How to distinguish between normal teen antics and serious problem

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Super frequent scribe

How to distinguish between normal teen antics and serious problem

I never know how much history to go into with new posts. Self harm, 2 suicide attempts and substance abuse. New school for girls not suited to mainstream govt schools. Been attending for 1and half terms. Attendance has improved incredibly. Seems happier but was suspended for one day for drinking alcohol at school that another girl smuggled in. The other girl has been suspended for a week. So worried about all the drama starting again.
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Re: How to distinguish between normal teen antics and serious problem

Hey @Nervous - its awesome to hear that attendance has improved at the new school. 

Sorry to hear there's been an incident with alcohol recently - I can understand why you'd fear the worst starting up again. 

How has she been since the incident? Have you been able to talk to her about it? 

 

Prolific scribe

Re: How to distinguish between normal teen antics and serious problem

Hi Nervous,

 

It is incredibly hard to watch your children suffer, especially when they are doing things to harm themselves.  I was very worried when my partners daughter started to have issues similar to the ones you describe below (But not as serious).  

 

She too ended up in a non-traditional education path taking "distance education" courses despite living in a capital city.  That helped a lot so in our experience that was a great move.

 

Getting her medical treatment was another big part of the approach my partner took.   GP MEntal health plans,  Psychologists and a child physiatrist were all involved in trying to get strategies and the medication she needed.

 

That combined with love, many stressed and worried nights were what we used.

It all took a long time, and there was reversals where things went backwards.

 

If you have her in the new school and it is working.. keep pushing that.

If you have got medical help great and if you havent I would suggest getting that.  Be persistent with the medical system it takes a pushy mum to get there but you can if you persist.

 

And talk about how the relapse and how it make you worried for her. 

Make the discussion about her and her life and the consequences you fear for her actions.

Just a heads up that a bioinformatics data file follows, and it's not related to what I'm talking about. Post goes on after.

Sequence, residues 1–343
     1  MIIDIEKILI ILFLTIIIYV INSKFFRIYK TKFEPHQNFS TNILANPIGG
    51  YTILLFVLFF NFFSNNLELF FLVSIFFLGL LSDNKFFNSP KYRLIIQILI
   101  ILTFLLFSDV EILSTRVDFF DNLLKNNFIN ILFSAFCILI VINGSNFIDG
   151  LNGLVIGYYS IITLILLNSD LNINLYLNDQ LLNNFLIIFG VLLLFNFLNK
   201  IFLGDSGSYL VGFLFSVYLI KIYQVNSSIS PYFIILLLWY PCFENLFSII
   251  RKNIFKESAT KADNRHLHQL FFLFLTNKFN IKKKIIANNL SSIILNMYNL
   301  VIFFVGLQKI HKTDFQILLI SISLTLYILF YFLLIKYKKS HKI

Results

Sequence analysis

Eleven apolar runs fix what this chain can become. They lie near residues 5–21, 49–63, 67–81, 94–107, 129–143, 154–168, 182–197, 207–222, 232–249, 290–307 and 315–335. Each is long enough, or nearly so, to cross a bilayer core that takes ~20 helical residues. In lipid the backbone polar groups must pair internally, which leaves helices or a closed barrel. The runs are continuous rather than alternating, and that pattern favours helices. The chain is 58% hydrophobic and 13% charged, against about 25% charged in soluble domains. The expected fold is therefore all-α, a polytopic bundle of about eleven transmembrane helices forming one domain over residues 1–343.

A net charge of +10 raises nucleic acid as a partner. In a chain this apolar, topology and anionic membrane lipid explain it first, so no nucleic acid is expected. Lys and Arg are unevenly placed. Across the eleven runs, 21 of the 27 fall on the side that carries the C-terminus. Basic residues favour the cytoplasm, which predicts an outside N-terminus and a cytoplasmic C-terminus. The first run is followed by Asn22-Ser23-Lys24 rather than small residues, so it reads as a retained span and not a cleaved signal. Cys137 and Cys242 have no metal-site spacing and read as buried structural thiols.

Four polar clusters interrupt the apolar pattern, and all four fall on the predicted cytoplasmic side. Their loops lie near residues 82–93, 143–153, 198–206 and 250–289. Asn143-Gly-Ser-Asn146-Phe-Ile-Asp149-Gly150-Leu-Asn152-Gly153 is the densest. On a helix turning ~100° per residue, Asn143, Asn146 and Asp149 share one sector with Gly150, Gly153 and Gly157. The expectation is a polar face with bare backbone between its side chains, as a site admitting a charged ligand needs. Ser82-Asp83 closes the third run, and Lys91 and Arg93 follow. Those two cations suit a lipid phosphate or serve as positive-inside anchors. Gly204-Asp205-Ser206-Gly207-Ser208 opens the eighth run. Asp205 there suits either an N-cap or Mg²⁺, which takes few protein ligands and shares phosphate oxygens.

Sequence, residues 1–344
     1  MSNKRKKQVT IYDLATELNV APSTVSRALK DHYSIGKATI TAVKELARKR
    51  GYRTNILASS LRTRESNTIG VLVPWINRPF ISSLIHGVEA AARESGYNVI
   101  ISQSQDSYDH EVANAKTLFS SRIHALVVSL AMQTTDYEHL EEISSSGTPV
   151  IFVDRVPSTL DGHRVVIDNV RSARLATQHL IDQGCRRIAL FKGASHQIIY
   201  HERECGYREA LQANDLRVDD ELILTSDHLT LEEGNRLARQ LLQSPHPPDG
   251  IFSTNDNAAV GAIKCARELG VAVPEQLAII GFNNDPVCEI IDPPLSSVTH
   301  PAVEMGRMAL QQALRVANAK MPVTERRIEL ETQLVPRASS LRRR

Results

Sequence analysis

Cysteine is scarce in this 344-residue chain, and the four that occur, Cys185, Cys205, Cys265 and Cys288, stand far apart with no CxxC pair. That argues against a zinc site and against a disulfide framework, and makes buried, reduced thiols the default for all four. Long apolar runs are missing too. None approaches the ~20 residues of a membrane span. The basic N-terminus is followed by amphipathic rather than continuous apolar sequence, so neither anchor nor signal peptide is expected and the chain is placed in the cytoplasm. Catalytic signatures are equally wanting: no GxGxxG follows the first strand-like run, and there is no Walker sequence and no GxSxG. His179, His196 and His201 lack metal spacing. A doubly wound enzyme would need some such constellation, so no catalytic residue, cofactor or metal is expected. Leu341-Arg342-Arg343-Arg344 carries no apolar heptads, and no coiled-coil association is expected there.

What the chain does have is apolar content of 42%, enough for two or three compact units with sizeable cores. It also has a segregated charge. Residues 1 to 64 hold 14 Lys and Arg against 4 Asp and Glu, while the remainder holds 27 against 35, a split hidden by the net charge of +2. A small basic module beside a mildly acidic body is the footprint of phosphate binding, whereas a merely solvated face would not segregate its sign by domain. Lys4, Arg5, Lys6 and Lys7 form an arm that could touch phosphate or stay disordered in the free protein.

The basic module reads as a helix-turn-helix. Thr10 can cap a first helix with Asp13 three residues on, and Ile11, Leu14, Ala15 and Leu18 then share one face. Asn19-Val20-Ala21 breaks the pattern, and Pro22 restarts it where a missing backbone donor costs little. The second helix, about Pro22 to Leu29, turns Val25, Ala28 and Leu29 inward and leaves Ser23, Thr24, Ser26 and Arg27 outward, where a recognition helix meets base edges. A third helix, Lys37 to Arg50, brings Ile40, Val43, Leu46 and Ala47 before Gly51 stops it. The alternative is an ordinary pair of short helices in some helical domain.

Frequent scribe

Re: How to distinguish between normal teen antics and serious problem

I just survived another night of terrible behaviour.  I just don't know if the special school if I have her in is the right place for her. Whilst the school itself is terrific, the students are all trouble. And many come from dysfunctional families and what she is being exposed to is disturbing her. And this was the reason for tonight's bad behaviour.

Frequent scribe

Re: How to distinguish between normal teen antics and serious problem

I just survived another night of terrible behaviour.  I just don't know if the special school if I have her in is the right place for her. Whilst the school itself is terrific, the students are all trouble. And many come from dysfunctional families and what she is being exposed to is disturbing her. And this was the reason for tonight's bad behaviour. It was so bad I had to hide my car keys and purse.  And if she had of tried to leave the house I would have let her go. (I would have looked for her after I had calmed down) 

Prolific scribe

Re: How to distinguish between normal teen antics and serious problem

Hi Worrisome

 

I was sad to hear you had another night of terrible behaviour.  They take such a toll on both you and your daughter.  It is very normal and understandable to be frustrated worried and upset when issues start on a downwards spiral.

 

I would praise and encourage you for sticking in there.  Your love and care do make a difference to your daughter even if she struggles to shows it.

 

Peers are a big influence in our lives, especially with Teenagers. 

As you say the positive of a special school is they are setup for assisting kids but the down side is the peers they associate with can be very troubled and provide poor peer examples.

 

There are no easy answers here and every child is different.

I would suggest trying to look over a longer term, rather than making knee jerk reactions to such a big decision. 

 

How is the behaviour trending?   

Is the situation with the school/peers helping over the longer period?

Is she getting the education she needs?

Can you communicate how the peer role models are examples of how things can go so wrong?

Can you use the peers to point out what is good and working in her life?

 

In the end generic advise is all well and good but you will need specific strategies tailored for your daughter.

You need her buy in to any tailored plan and the best way to get these is through a child psychologist who specialises in this area.

 

My last thought is stick in there. 

While love may not conquer all, along with patience and understanding it is what all our kids need in the end.